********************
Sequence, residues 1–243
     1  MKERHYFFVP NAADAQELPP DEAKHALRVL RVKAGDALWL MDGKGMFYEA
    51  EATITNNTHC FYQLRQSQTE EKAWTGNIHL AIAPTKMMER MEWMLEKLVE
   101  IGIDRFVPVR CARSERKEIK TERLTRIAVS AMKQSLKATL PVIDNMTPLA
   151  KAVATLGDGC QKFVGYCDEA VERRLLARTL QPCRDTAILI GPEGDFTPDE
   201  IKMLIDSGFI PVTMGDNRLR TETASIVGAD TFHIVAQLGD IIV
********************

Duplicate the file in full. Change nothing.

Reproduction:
Sequence, residues 1–243
     1  MKERHYFFVP NAADAQELPP DEAKHALRVL RVKAGDALWL MDGKGMFYEA
    51  EATITNNTHC FYQLRQSQTE EKAWTGNIHL AIAPTKMMER MEWMLEKLVE
   101  IGIDRFVPVR CARSERKEIK TERLTRIAVS AMKQSLKATL PVIDNMTPLA
   151  KAVATLGDGC QKFVGYCDEA VERRLLARTL QPCRDTAILI GPEGDFTPDE
   201  IKMLIDSGFI PVTMGDNRLR TETASIVGAD TFHIVAQLGD IIV